An additional explanation may be that weight reduction results in loss of adipose tissue. Adipose tissue produces the second greatest amount of angiotensinogen next to the liver. Loss of fat mass would directly reduce local angiotensinogen levels, local vasoconstriction, and possibly resistance changes of a more central nature. Angiotensinogen levels have been correlated with blood pressure reduction caused by weight loss.30 A study with rats showed that fasting for 3 days reduced angiotensinogen amounts released per adipose cell to 33% of control animal levels.31 Refeeding increased angiotensinogen release to levels that were 41% to 83% higher than those in the control rats. Increased angiotensinogen release was limited to the local adipose tissue, since liver mRNA and central plasma levels of angiotensinogen were not affected by fasting or overfeeding.
Therefore, weight loss in the TOHP study participants could reduce both the amount of adipose tissue and the release of angiotensinogen per cell. This would be expected to have the greatest effects in persons with the AA genotype who already have greater angiotensinogen release. Reduction of angiotensinogen to near normal levels would remove local vasoconstriction and insulin resistance and reduce blood pressure to a greater extent than in persons with the GG genotype who already have near-normal levels of angiotensinogen. Further research is required to determine whether the mechanism relating weight loss to reduced blood pressure, especially in persons with the AA genotype, is a direct mechanism related to the amount of adipose tissue or whether it occurs by the same mechanism as for sodium reduction.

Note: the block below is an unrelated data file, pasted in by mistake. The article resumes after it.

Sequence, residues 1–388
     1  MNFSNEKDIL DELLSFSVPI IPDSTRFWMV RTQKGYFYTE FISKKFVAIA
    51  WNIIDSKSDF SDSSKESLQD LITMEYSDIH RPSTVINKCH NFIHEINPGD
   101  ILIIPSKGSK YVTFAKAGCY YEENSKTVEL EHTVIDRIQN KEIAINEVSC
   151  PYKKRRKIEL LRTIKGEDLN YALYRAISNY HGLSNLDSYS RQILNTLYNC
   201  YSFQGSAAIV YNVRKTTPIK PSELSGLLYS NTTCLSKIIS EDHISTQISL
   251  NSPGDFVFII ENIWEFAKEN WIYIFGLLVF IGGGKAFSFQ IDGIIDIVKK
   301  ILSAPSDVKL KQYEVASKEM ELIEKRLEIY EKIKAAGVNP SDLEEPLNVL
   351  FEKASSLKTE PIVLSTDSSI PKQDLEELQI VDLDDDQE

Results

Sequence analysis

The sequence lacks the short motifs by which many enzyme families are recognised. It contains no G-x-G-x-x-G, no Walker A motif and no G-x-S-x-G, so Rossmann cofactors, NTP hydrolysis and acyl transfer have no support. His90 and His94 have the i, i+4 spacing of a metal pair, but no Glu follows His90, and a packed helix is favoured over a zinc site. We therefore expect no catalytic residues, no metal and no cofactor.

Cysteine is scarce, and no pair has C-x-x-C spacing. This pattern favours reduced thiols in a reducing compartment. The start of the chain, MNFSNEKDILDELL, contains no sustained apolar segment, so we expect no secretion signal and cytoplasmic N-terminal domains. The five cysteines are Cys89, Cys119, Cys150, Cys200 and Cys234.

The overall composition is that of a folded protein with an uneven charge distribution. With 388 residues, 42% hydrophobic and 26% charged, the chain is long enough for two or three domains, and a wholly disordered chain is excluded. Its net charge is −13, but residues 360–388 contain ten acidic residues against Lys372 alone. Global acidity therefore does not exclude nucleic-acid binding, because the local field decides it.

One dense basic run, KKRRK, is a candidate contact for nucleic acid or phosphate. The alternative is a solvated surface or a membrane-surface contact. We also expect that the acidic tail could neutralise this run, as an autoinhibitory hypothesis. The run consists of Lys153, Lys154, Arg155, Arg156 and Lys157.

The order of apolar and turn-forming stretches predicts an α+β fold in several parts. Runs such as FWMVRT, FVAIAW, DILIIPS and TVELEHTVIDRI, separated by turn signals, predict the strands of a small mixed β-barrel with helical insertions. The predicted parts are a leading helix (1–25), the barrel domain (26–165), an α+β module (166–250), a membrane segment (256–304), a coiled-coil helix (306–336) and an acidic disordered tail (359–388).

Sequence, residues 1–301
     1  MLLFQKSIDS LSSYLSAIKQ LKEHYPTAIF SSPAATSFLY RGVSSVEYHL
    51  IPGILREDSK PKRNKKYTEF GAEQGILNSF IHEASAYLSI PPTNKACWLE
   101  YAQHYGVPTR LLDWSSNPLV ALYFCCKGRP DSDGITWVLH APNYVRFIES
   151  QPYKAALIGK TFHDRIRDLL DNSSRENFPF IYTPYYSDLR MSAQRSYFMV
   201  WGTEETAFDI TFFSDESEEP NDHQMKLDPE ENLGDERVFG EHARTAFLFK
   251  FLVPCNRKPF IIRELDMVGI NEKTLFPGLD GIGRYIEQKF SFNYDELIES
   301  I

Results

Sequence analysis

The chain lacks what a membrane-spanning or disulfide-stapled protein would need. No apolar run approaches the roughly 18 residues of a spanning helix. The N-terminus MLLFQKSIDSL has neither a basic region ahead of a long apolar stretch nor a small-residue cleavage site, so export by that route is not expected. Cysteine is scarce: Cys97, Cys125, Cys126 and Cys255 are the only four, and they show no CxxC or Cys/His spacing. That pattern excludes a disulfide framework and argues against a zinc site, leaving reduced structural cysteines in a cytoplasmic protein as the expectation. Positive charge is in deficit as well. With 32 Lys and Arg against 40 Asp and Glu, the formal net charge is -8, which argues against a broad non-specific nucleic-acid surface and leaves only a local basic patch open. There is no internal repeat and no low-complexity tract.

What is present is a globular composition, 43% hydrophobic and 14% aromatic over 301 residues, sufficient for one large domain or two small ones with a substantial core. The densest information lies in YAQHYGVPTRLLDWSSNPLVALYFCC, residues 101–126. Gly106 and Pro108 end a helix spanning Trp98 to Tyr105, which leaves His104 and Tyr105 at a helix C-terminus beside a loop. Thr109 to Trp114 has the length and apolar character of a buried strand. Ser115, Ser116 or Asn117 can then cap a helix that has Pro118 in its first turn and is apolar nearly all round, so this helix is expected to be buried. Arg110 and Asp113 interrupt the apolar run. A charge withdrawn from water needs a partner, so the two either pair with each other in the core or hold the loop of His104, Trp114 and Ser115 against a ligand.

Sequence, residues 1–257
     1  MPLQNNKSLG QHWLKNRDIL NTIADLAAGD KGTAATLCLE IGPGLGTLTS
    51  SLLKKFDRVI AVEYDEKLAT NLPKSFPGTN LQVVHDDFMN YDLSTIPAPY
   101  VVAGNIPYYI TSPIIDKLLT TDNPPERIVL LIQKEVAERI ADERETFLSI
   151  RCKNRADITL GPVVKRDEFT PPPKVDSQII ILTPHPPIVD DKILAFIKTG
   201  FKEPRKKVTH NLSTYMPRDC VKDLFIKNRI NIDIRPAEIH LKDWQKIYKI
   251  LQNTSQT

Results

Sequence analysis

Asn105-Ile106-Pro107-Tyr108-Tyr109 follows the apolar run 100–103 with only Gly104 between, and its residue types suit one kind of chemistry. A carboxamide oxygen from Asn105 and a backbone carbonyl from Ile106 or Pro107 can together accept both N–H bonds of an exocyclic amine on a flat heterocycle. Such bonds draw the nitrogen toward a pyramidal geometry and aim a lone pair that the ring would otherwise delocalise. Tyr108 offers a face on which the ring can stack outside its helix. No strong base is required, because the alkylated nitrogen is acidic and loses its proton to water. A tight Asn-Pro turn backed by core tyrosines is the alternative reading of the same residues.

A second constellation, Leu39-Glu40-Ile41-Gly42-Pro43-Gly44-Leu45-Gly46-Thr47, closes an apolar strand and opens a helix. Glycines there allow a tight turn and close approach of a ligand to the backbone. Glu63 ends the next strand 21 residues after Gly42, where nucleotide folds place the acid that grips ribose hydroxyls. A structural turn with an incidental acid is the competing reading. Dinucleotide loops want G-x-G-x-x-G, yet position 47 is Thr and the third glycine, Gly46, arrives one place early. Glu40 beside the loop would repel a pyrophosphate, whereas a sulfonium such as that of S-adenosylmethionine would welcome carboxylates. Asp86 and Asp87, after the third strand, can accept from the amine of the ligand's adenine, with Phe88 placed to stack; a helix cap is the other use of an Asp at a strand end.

Possible Clinical Implications
Persons with a genetic predisposition to develop hypertension as a result of the angiotensinogen locus appear to have the greatest diastolic blood pressure decrease after either sodium reduction or weight loss. Because persons with the AA genotype had the greatest 3-year incidence of hypertension without intervention, they may be an important subgroup to target for effective diet counseling and weight loss. The data from this study suggest that weight or sodium intervention was not effective for persons with the GG genotype. Caution must be used, however, when interpreting these results. The confidence limits for blood pressure changes and relative risks do not exclude benefits in such persons, and the early benefit may have been maintained with better sustained adherence to the interventions.17